It would be an understatement to say that Northwestern women’s swimming and diving has not had it easy these past few months. In addition to finishing 28th at the 2023 NCAA Championships, the team’s worst finish since 2016, the Wildcats were hit with loss after loss as their season concluded.
Just a week before NCAAs, Jasmine Nocentini, Northwestern’s best swimmer and one of the top sprinters in the nation, entered the transfer portal for her fifth year of eligibility — eventually opting to transfer to three-time defending national champion Virginia. Then, in the offseason, NCAA Championship qualifiers Jamie Brennan and Hannah Brunzell made their way to the Pac-12 (or should I say ACC?), transferring to Stanford and Cal respectively, while 2023 Second-Team All-American diver Jaye Patrick opted to use her fifth year at Purdue and NCAA qualifier Lola Mull entered the portal but didn’t end up on another team’s roster this season. Around the same time, it was announced that NCAA qualifier Ashley Strouse would medically redshirt the 2023-24 season. And as the cherry on top, 2024 recruit and recently-crowned World Junior Champion Kate Hurst flipped her commitment from Northwestern to Texas — had she stayed, she would have gone down as arguably one of the greatest incoming recruits that this team has ever had.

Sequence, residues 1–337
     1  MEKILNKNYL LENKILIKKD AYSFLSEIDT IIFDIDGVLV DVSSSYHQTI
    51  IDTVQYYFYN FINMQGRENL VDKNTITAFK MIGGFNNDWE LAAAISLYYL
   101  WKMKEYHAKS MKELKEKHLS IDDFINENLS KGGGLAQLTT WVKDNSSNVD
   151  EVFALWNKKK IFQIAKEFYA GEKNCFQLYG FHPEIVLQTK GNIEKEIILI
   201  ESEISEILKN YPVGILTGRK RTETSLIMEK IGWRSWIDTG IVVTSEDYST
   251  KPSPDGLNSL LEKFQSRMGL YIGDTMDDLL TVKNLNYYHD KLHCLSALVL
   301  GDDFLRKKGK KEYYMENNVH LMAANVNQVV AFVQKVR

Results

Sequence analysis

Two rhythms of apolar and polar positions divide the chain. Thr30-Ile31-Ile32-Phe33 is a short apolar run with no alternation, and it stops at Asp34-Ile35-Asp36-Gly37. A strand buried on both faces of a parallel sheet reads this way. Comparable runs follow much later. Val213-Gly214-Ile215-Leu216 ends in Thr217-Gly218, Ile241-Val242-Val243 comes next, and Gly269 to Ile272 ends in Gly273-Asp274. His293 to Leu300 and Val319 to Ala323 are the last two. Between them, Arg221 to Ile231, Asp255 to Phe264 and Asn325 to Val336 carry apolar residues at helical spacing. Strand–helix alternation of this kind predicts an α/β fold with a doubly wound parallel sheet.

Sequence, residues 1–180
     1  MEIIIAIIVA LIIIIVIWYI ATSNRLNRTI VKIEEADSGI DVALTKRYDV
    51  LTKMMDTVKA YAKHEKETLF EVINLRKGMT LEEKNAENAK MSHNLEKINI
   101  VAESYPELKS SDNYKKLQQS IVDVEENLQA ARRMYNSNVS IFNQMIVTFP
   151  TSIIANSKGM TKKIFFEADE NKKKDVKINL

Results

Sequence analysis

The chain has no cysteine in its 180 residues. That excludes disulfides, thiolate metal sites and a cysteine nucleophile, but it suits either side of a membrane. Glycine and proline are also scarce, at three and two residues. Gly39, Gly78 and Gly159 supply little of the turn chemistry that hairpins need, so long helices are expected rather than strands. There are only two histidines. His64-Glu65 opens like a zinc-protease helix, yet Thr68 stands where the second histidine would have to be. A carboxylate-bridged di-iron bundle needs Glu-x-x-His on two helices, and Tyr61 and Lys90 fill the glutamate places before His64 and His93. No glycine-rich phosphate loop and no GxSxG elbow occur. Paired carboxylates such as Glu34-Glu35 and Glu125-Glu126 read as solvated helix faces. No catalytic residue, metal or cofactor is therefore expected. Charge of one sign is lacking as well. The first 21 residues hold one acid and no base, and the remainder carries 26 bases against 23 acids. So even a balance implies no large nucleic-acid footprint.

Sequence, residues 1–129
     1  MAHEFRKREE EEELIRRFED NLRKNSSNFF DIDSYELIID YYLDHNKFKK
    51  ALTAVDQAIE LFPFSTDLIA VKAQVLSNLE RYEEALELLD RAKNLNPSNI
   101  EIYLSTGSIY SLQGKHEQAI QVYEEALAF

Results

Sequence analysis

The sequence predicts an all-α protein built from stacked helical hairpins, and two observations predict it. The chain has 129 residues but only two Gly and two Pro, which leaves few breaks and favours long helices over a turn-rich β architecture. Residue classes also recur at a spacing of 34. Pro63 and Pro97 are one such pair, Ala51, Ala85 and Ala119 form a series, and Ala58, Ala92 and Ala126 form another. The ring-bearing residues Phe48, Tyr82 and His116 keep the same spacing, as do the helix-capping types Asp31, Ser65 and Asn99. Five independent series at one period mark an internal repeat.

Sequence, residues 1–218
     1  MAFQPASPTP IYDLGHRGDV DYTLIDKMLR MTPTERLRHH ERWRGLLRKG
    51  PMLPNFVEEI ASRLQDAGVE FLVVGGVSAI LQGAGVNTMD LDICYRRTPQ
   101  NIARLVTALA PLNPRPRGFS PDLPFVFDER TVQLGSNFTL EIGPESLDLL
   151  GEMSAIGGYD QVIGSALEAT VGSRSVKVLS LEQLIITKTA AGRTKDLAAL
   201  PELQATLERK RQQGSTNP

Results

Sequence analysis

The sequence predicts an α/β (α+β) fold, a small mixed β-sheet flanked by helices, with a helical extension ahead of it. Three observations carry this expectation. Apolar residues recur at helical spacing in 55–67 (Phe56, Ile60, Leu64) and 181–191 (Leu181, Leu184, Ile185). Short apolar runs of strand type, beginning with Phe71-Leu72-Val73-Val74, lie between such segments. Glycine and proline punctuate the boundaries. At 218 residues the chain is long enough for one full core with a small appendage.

Even if transfers, redshirts or retirements aren’t factored in, Northwestern still loses big because of passing time — Miriam Guevara, the one swimmer on the team who scored individually at NCAAs last season, graduated.
And that’s not to mention that the ‘Cats are experiencing several coaching changes this season, which includes the departure of head coach Katie Robinson, who left her position after three seasons to become the associate head coach at Stanford. In place for her will be former Arizona State assistant Rachel Stratton-Mills.
However, despite the losses, Northwestern still has a promising future. The team has the No. 15 ranked recruiting class in the nation according to SwimSwam.com, and there are several swimmers on the roster who made tremendous strides last season and will look to continue their momentum. The first season of the Stratton-Mills era might be a rebuilding one, but it’s one to be positive about.
2022-23 Season Reflection
The first half of Northwestern’s 2022-23 season was all about Nocentini. She captured attention starting from the very first meet of the season with her prowess in both sprint freestyle and breaststroke — a rare form of versatility. At the Purdue Invitational in November 2022, Nocentini posted Big Ten-leading times in the 50-yard freestyle and 100-yard breaststroke (at the end of the season, her times in both events still remained top three in the conference), and she also helped Northwestern hit NCAA Championship qualification times in several relays.
However, the Purdue Invite was the last the ‘Cats saw of Nocentini, as per SwimSwam, she came down with a shoulder injury and was ruled out for the Big Ten and NCAA Championships. Following her injury, the Wildcats dropped out of the top 25 in both SwimSwam and CSCAA’s power rankings after having been ranked top 20 for the majority of the season. Later when she entered the transfer portal, she was named by SwimSwam as the top-ranked transfer of the offseason.